1990s — Rapid Disruption Driven by Technology

Source: ABC News
Source: Wikipedia

2000s — The Post 9/11 World and the War on Terror

Bush’s Impromptu “I CAN Hear You” Speech at Ground Zero (Source: U.S. News)

The Cold War had been replaced by the war on terror. And much as the struggle against Communism had shaped the domestic life of the mid-twentieth century, the fight against terrorism would shape the contours of 21st century life.

The 2000s saw the liberal movement regain its footing in the media with shows like the Colbert Report and the Daily Report as well as with the rise of online blogs. These critics of the administration had a field day over the Bush Administration’s abysmal failure to handle the aftermath of Hurricane Katrina. Additionally, during this time the administration began the infamous NSA PRISM program that unconstitutionally conducted mass surveillance on American citizens.

2010s —Partisanship and Dysfunctional Government

Source: Wikipedia

The question that the United States of America now faces as a divided country is whether we can harness the intense energy that now drives us apart and channel it once again toward creating new and stronger bridges that can bring us closer together. Whether the fault lines of the past four decades will continue to fracture, or whether these rifts will finally start to heal, is a chapter yet to come.

It’s uncanny to read that and know that it was published before the coronavirus epidemic. Obviously, the next chapter is completely going to be taken over by a focus on the virus and its devastating impact — especially economically. Overall, this review/summary has just scratched the surface of the book and I highly encourage all readers to grab a copy for yourself. But I also need to point out the economic history lurking in the background that appears to be wiped from our global consciousness. That is the history of Nixon’s Abandonment of the Gold Standard in 1971 and the fiat currency & modern monetary theory (MMT) system run amok that has completely destabilized the global economy and destroyed the purchasing power of the middle and lower classes.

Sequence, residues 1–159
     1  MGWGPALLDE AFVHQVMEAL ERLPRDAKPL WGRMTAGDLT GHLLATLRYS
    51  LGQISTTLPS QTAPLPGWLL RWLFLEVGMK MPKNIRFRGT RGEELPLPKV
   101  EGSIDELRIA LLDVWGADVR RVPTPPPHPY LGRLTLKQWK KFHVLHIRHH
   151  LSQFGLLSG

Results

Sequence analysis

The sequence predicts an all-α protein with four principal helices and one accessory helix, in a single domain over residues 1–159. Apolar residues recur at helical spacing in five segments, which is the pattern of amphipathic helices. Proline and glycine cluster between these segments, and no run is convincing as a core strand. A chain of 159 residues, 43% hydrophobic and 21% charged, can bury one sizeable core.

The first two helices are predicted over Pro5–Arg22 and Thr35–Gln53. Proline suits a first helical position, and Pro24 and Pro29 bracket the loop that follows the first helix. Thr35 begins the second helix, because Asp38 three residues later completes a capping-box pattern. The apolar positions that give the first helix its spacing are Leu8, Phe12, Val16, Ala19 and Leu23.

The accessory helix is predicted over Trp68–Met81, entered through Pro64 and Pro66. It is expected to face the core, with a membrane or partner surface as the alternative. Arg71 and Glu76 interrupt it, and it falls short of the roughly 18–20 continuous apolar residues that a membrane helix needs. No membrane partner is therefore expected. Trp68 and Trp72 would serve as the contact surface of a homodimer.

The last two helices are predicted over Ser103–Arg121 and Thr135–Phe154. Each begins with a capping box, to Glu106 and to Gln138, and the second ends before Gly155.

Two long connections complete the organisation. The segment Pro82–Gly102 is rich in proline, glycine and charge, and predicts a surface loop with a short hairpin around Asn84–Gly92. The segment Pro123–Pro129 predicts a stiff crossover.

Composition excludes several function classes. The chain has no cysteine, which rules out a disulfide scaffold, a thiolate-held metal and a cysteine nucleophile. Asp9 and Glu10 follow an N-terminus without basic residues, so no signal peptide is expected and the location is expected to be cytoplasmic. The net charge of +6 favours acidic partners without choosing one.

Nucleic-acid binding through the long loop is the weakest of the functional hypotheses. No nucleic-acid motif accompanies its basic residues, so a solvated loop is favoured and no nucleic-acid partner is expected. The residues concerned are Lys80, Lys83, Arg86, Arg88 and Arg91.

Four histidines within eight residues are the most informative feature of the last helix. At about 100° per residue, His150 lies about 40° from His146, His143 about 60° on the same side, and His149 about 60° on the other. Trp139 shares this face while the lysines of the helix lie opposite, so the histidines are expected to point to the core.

While Kruse and Zeliver began in 1974, they really should be starting in 1971.

The year that Nixon took the United States off the Gold Standard set off a cascade of economic effects that has lead to extreme wealth inequality and economic fragility. While the academically-reinforced group think of Keynesianism has vilified anyone who dare challenge the mainstream narrative, data unequivocally shows that this failed experiment in monetary policy is at the core of the economic divisions in our country (and in the world) today.

I would also argue that much of the division in American politics which the authors have detailed stems from the inequality and systemic economic fragility that is directly attributable to Nixon’s decision in 1971 to abandon the Gold Standard.

Using some of the charts from Twitter users MrCoolBP and HeavilyArmedClown (hosts of the Bitcoin Echo Chamber podcast), which are aggregated at, a case can be made that Kruse and Zelizer should consider the impacts of the Nixon abandoning the Bretton Woods system.


Conclusion — Absolutely Buy the Book

I would not have taken the time to write such a long review if I didn’t love this book. To be honest, I am seriously jealous of all the Princeton students who got to take the original class behind the book. Despite what I see as a missed opportunity to consider the abandonment of the Gold Standard and its impact on the economic and political divide in the country since the 70s, I still rate the book 9/10 as it is an exceptionally well-written account of modern American history. You should consider grabbing a copy for yourself.

Investor at MassVentures, BCO Board Member, & Stanford UIF Alum. Previously at Greenspring Associates & JKS Ventures. Elon ’18. | All opinions my own